After approving secession, the convention delegates went one step further by passing a resolution inviting delegates from other southern states to come to Alabama: “In order to frame a revisional as a permanent Government, the people of the States of Delaware, Maryland, Virginia, North Carolina, South Carolina, Florida, Georgia, Mississippi, Louisiana, Texas, Arkansas, Tennessee, Kentucky and Missouri, be and they are hereby invited to meet the people of the State of Alabama, by their delegates in convention, on the 4th day of February next in Montgomery.”

Acknowledging the moderates’ contribution to the cause, diehards such as Yancey were passed over as delegates to the southern convention in favor of former Unionists such as David Peter Lewis. Moderates were also placated by a motion to continue the ban on the African slave trade. Governor Moore’s order of the past week to seize U.S. forts and military installations was retroactively endorsed.

Later this month, Alabama troops seized the lighthouse tender U.S.S. Alert at Mobile. The troops then confronted the revenue cutter U.S.S. Lewis Cass, stationed at Mobile to collect U.S. tariffs. The captain was ordered “to surrender into my hands, for the use of the State, the revenue cutter Lewis Cass, now under your command, together with her armaments, properties and provisions on board the same.”

The demand was followed by an offer: “I am instructed also to notify you, that you have the option to continue in command of the said revenue cutter, under the authority of the State of Alabama, in the exercise of the same duties that you have hitherto rendered to the United States, and at the same compensation, reporting to this office and to the Governor of the State.” The captain accepted, and by month’s end, Alabamans had expelled most Federal personnel from their state.



  • Davis, William C., Brother Against Brother: The War Begins. Alexandria, VA: Time-Life Books, 1983.
  • Faust, Patricia L. (Patricia L. Faust ed.), Historical Times Illustrated Encyclopedia of the Civil War. New York: Harper & Row, 1986.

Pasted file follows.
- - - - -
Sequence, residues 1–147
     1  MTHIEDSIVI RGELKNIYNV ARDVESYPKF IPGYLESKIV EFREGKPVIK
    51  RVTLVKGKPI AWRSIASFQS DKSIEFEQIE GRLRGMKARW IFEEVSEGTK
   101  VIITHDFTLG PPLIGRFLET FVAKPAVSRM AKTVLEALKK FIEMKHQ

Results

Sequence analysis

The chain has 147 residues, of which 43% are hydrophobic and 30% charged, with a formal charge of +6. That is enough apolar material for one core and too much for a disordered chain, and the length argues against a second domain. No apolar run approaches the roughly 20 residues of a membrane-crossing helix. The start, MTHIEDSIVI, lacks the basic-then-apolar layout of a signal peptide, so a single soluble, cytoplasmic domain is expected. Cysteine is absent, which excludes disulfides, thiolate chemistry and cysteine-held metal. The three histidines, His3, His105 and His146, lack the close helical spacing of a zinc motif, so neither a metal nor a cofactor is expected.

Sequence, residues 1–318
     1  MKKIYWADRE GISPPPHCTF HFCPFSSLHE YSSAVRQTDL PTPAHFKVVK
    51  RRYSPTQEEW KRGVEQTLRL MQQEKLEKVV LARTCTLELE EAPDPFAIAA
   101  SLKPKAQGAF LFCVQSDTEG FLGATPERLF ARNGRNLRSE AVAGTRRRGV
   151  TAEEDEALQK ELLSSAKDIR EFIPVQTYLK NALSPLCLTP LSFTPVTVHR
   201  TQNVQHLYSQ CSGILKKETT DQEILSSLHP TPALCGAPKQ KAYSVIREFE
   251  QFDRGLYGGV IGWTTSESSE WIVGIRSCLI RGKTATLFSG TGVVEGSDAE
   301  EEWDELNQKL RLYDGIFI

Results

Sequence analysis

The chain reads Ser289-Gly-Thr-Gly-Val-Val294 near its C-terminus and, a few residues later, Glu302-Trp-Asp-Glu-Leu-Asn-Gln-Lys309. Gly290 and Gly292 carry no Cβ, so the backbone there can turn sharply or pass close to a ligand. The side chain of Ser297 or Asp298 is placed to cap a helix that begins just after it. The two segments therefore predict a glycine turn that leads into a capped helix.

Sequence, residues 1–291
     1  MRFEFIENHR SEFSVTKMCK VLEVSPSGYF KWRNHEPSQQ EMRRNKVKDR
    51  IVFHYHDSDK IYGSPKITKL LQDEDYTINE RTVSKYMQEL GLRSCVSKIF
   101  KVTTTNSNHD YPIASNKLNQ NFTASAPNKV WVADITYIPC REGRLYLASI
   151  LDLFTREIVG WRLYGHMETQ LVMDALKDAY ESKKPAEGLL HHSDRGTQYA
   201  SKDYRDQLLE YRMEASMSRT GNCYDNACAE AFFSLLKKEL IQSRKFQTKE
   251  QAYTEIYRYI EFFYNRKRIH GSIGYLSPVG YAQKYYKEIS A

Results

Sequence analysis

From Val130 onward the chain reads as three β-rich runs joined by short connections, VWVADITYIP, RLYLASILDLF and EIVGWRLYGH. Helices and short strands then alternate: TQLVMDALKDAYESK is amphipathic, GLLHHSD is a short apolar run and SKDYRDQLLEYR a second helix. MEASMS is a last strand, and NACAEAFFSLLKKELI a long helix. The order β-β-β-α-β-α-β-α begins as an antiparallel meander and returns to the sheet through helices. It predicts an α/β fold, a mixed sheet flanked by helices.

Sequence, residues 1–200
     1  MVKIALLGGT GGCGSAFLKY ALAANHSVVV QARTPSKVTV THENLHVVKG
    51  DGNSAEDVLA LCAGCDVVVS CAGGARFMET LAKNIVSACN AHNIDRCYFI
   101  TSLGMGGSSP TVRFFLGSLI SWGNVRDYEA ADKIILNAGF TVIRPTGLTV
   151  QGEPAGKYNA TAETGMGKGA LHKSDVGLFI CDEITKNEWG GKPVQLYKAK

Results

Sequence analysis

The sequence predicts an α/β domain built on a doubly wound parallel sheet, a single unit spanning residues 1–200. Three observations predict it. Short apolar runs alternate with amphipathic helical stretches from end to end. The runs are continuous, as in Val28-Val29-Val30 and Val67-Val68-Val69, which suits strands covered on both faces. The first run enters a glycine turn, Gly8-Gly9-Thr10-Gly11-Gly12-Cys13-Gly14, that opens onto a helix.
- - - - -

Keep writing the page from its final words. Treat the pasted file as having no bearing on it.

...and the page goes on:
• Holzer, Harold, Lincoln President-Elect: Abraham Lincoln and the Great Secession Winter of 1860-1861. New York: Simon & Schuster Paperbacks, Reprint Edition, 2008.
  • Long, E.B. with Long, Barbara, The Civil War Day by Day. New York: Da Capo Press, Inc., 1971.
  • Pollard, Edward A., Southern History of the War (facsimile of the 1866 edition). New York: Fairfax Press, 1990.
  • Schultz, Fred L. (Patricia L. Faust ed.), Historical Times Illustrated Encyclopedia of the Civil War. New York: Harper & Row, 1986.
  • Stanchak, John E. (Patricia L. Faust ed.), Historical Times Illustrated Encyclopedia of the Civil War. New York: Harper & Row, 1986.
  • Thomas, Emory M., The Confederate Nation. HarperCollins e-books, Kindle Edition, 1976.
  • United States War Department, War of the Rebellion: A Compilation of the Official Records of the Union and Confederate Armies. Series 1 – Vol. 1. Washington, D.C.: GPO, 1880-1902.


  1. what southern cross was waved? ill go w the Bonny Blue or the Rep of AL secession flag but not the southern cross, unless you know something i dont know.

    1. The waving of the southern cross was referenced in The Civil War Day by Day (E.B. and Barbara Long), p. 25. If it was mistaken, then so am I, but it was my understanding that the early versions of the southern cross were already being introduced as the southern states began seceding.